CNJ illustration: Sharna Johnson The majority of runaway Clovis teens are just kids acting out with every intention of returning home, according to police.
By Sharna Johnson: CNJ staff writer
Almost every other day, Clovis police take a missing persons report on missing teens, but the majority of the time the reports turn out to be false alarms, according to Capt. Patrick Whitney.
Panicked parents discover their child’s bed empty in the middle of the night, find that the youth misled them about where they were going to be, or a teen storms out of the house after a show down, he said.
“(We get those calls) constantly, constantly,” he said. “The greater majority, they’re being disobedient to their parents and they just leave and they’re really not what you would consider true runaways … they have every intention of going back home.”
About a third of runaway calls received for the last three years have resulted in a report being entered into the National Crime Information Center’s database, police records show.
Those reports are filed when a child cannot be easily located by parents or police.
Of local law enforcement agencies, the Clovis Police Department carries the bulk of the load with at least 150 reports typically filed a year.
The Curry County Sheriff’s Department said it probably filed less than 10 runaway reports last year and the district’s state police office said it rarely gets runaway calls in Curry County.
Police field the calls and try to help parents locate their teens and take the reports, but that’s really about it, Whitney said. In New Mexico there is no law against teens running away from home.
“That’s all we can do. It’s out of our hands unless they’re being abused, then we can investigate that,” Whitney said.
Police can help look for teens, and they can detain them for up to six hours if safety concerns exist. Otherwise, unless the teen engages in criminal activity or there’s evidence of abuse at home, the role of police is limited, according to Lisa Madrid with the department of Children Youth and Families.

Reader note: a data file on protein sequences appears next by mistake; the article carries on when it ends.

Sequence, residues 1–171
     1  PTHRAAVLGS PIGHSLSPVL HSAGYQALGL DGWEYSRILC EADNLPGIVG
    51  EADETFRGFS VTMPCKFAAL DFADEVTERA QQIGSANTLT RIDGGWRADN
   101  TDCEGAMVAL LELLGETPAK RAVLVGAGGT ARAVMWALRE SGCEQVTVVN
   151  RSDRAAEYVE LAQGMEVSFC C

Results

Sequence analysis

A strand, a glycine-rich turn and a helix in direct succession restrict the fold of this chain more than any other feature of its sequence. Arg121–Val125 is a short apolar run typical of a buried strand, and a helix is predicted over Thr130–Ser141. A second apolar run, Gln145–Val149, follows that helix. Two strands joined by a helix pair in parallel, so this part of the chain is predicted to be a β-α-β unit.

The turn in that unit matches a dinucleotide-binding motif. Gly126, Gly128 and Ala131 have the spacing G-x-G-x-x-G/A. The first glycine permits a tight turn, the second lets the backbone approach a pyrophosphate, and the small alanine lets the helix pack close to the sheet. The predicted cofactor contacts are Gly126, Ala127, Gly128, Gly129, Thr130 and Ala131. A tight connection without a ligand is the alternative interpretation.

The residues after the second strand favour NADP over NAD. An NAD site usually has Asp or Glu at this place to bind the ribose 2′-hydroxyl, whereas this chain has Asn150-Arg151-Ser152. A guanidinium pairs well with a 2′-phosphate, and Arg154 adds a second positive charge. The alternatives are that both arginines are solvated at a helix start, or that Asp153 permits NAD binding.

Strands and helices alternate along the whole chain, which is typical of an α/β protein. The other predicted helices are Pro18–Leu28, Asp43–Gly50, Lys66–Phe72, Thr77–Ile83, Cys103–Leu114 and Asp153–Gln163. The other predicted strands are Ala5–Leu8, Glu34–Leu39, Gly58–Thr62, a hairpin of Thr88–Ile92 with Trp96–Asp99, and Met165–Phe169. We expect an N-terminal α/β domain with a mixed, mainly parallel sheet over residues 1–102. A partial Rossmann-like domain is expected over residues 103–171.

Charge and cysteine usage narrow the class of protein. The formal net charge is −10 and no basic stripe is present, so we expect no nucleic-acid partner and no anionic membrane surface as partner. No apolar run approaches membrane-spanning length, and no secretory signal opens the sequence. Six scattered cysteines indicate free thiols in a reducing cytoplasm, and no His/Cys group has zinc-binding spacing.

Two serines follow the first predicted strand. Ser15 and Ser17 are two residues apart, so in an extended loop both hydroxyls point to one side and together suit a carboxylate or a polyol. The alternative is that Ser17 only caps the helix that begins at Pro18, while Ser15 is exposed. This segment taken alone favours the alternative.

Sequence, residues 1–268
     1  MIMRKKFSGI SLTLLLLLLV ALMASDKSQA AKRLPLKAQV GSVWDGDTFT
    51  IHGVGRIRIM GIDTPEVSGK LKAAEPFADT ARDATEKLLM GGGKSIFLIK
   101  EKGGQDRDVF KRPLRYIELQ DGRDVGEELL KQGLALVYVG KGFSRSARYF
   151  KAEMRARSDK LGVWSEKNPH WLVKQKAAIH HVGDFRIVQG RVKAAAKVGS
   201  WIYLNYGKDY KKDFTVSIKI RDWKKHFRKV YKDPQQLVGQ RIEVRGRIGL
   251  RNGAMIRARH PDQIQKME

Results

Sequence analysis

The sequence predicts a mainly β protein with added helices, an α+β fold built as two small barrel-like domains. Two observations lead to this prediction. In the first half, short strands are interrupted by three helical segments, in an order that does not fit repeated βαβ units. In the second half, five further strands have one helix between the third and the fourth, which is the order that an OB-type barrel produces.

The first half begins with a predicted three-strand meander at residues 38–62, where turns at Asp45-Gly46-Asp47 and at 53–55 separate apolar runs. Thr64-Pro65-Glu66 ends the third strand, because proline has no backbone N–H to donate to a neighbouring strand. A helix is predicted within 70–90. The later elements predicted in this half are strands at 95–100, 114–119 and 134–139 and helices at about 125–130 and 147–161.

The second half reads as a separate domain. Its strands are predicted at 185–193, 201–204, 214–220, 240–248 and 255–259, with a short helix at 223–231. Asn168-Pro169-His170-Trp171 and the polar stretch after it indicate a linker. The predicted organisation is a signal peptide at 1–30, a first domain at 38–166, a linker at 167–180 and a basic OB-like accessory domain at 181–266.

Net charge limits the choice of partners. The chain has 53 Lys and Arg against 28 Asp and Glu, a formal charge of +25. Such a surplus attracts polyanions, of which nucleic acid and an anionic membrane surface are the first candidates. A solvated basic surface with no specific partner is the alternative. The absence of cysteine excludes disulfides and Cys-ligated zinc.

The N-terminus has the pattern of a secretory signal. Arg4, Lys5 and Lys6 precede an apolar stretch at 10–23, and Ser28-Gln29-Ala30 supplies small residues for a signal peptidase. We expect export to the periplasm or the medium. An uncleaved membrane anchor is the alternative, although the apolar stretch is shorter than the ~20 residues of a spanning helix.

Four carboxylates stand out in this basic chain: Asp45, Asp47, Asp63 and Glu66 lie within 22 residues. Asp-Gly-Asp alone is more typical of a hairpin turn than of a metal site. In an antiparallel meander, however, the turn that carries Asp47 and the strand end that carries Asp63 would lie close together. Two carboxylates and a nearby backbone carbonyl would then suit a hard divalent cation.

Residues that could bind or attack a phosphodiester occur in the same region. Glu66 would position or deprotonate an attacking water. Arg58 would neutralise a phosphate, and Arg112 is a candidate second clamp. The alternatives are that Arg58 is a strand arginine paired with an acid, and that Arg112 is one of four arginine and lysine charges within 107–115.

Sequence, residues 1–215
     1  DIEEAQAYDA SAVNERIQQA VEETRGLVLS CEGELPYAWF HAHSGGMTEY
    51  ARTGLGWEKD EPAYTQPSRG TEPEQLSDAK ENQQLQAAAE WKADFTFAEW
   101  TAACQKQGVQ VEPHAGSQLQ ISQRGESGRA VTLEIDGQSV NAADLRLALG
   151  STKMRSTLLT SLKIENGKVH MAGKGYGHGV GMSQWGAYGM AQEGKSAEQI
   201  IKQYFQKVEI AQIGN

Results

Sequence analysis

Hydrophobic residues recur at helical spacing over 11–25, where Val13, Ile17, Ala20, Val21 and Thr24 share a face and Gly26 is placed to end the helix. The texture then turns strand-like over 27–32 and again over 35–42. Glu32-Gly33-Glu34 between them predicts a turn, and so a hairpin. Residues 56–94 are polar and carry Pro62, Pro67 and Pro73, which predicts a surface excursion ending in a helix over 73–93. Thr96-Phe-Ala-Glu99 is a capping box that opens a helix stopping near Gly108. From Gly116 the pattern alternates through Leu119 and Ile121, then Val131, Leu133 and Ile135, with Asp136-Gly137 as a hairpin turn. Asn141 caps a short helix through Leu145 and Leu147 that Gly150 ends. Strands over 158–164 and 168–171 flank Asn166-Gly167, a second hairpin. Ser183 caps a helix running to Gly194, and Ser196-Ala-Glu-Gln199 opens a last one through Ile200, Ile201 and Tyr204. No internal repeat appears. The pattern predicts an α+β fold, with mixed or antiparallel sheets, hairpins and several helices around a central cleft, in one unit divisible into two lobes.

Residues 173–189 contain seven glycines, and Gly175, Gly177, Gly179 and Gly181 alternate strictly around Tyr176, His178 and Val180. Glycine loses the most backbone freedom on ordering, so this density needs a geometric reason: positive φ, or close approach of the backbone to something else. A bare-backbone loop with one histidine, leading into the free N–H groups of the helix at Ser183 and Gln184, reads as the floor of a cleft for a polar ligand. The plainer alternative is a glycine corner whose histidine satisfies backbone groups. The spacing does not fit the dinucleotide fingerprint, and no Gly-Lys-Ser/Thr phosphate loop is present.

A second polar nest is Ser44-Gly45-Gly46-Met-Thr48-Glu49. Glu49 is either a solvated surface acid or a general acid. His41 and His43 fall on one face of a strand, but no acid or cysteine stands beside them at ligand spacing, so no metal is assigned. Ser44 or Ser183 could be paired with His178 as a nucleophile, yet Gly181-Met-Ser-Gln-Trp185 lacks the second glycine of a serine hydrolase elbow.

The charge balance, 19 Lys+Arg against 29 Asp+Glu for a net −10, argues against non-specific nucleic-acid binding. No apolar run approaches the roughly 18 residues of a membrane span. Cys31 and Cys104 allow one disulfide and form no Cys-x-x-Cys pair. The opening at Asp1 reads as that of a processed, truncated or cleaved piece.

“Law enforcement cannot detain them for just running away. It’s not a criminal act,” she said. “Attempts are made to return the child home, that’s the first step.”
But the recovery of a runaway teen may lead to referrals to juvenile probation and parole, an investigation by CYFD into possible issues in the home or even emergency custody of the child by CYFD if their safety is in question, she said.
“When children start running away that just may be one thing that they’re exhibiting,” Madrid said, “but there are generally other things going on.”
Some teens flee long-term, turning to gangs, friends or distant family members for a place to live.
But Whitney said the greater majority of youth are only gone a short time with no report needed. Often officers find them at a friend’s house or a social event, or even school the next day.
Though parents are told to call police as soon as their child is located so their information can be removed from the system, they overwhelmingly don’t.
“We usually don’t even find out they’re back until they get in trouble at school” he said, “and the resource officer finds out they’re on the runaway list.”
At an average of more than 10 reports taken per month this year, the numbers actually show a reduction of around 30 percent from last year.
Whitney credits multi-agency cooperation as a reason for the down-turn.
“A lot more of the organizations are working together that all have some piece of the pie in with dealing with juveniles,” he said.
With teams made up of juvenile and adult Probation and Parole, school, law enforcement and CYFD discussing at risk youth and trying to intervene and provide resources to attack issues like delinquency, truancy and core problems that place youth at risk, a reduction in runaways is a positive side-effect, he said.
By the numbers:
• 2008 — 96 reports taken out of 326 calls (through Sept. 30)
• 2007 — 182 reports taken out of 523 calls
• 2006 — 154 reports taken out of 471 calls
Source: CPD records